Whatever the design of your Sunday School program, music should definitely play a part. Music and song are wonderful blessings of our creating God and have enriched the life of the Church throughout history. That being said, it’s vital that we don our Lutheran thinking caps and use Spirit-led, biblical discernment when selecting and integrating music, especially lyrical songs, into the Sunday School program.
Selecting Songs for Sunday School
What strategy should we use in selecting songs? The overarching priority is the presence of Jesus Christ and His work of salvation. Jesus Christ as Savior and Lord is the central figure and message of the Bible, both Old and New Testaments. Our song selections should reflect this. Does this song present salvation in Jesus and Him alone? Good works and obedience to God are parts of the Christian life. However, they play no part in our salvation. Disregard any songs which teach otherwise. If the song does stress obedience and good works, does it finally resolve on God’s grace in Christ? In other words, am I finally encouraged to obey God’s Law and serve others in reaction to God’s grace in Christ? As Lutherans teach and emphasize Law and Gospel, our songs should as well. As a result, is there a healthy balance of both in my song selection? It’s best to avoid songs which present either Law or Gospel exclusively. If you have trouble locating songs which include both, do your best to select a group of songs which represent both Law and Gospel. One song may stress service toward the neighbor, while another emphasizes the Gospel. Sung together, there is a balanced message.
Songs can be a great way to illustrate and amplify the lessons for Sunday. Often students may lose track of the details in workbook material, but sing Sunday School songs all the way home after church. Take time to preview the lesson for the coming Sunday. Select songs which support the overall point of the lesson. Song books often include indices in the back. Pastors and DCEs are also a great resource.
Choosing Songs for Different Ages
Choosing songs which are age appropriate can also present a challenge. This is especially true if your congregation begins Sunday School in large single group setting, such as the sanctuary or gymnasium, prior to dividing into age group classes. Songs which connect well with little ones often lack the lyrical meat which older students crave and need. Conversely, dense lyrical content will likely lead the cherubs to tune out. Songs like Jesus in the Morning or I’ve Got Peace Like a River are winners with the little guys because the simple lyrics repeat and the accompanying actions engage them physically. On the other hand, Onward, Christian Soldiers or Go to Dark Gethsemane are ideal for teaching the faith in all in richness to middle schoolers.
Here are a couple of suggestions. If you have time for three or four songs, choose one or two which will connect with each age group. An example selection might include: God is So Good, Jesus in the Morning, The Lamb and Pass it On. The first two works with the young folks and the second two will connect with the older ones.
A second suggestion is to select songs which combine substantive lyrical content which a simple repetitive refrain. Examples include: Do Lord, Go Tell it On the Mountain, God Loves Me Dearly and The King of Glory. Little ones may not be able to keep up with all the lyrics, but will chime in enthusiastically when the refrain comes around again. Likewise, the older kids will appreciate the simple refrain amidst the heavier verses.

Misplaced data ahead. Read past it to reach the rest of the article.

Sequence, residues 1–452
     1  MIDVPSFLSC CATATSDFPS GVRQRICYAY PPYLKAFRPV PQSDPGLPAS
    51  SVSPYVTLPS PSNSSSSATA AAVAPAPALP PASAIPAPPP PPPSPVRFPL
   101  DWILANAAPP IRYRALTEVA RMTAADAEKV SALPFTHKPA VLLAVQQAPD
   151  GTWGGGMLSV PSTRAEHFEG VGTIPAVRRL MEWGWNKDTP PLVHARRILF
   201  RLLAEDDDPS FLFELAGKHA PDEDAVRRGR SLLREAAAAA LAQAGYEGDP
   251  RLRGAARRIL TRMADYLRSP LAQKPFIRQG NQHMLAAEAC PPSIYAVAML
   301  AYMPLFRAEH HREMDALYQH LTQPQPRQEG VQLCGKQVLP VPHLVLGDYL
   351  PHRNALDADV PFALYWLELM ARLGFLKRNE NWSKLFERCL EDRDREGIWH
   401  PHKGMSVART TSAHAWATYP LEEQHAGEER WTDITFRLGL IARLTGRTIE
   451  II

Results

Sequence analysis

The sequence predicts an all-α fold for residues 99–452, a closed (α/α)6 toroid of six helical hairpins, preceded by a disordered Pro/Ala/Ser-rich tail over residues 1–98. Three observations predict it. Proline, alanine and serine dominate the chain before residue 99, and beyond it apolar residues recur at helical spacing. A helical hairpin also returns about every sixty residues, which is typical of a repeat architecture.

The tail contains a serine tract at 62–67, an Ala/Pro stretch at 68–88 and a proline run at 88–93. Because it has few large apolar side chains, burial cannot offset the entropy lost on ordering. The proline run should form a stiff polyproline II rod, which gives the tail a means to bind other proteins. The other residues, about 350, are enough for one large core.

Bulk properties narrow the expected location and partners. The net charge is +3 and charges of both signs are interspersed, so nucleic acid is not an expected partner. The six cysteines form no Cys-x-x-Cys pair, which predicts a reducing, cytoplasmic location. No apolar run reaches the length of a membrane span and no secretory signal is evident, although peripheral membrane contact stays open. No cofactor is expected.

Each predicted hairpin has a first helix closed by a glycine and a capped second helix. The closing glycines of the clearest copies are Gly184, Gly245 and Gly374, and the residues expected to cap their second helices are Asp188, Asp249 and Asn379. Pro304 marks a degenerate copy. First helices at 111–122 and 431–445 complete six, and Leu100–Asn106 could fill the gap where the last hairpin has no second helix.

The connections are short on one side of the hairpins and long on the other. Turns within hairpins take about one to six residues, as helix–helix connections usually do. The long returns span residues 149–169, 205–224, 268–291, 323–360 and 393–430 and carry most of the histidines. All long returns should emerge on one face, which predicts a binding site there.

One of the benefits of including the Lord’s Prayer and Creeds into each service is the teaching power of repetition. The same applies to songs for Sunday School. There are two extremes to avoid. On one hand, singing the same songs each week neglects the riches of other selections and may lead to boredom and disinterest. On the other hand, students (especially the little ones) will be challenged to learn songs and sing with enthusiasm if they are faced with new material each Sunday. Try to include at least one song each week which the students already know. This strategy will facilitate singing with gusto and may serve to remind students of a previous week’s lesson.
Involving Kids in Making Music
Finally, consider these points on participation and resources. Make every effort to include the students in the music. Kids from every age group will appreciate and enjoy taking part in producing the music and leading the singing. Little kids can assist with rhythm instruments and leading actions if the song includes them. Often, the cherubs know the actions better than the teachers! Older students may be able to play guitar, piano or tambourine. Including the students in this may serves to connect them to the ministry and may be an initial step toward volunteering as an adult! With regard to resources, CPH products are always a winner. They are well produced, and, more importantly, theologically trustworthy. Employing such materials will spare you the labor of reviewing songs for doctrinal accuracy. If you do choose materials outside of Concordia Publishing House, please be encouraged to have your pastor or DCE review them prior to use. Distracting and even spiritually destructive ideas often find their way into songs which are popular, catchy, and otherwise appropriate.
God’s richest blessings on your song selecting! Enjoy the process and to God be the Glory!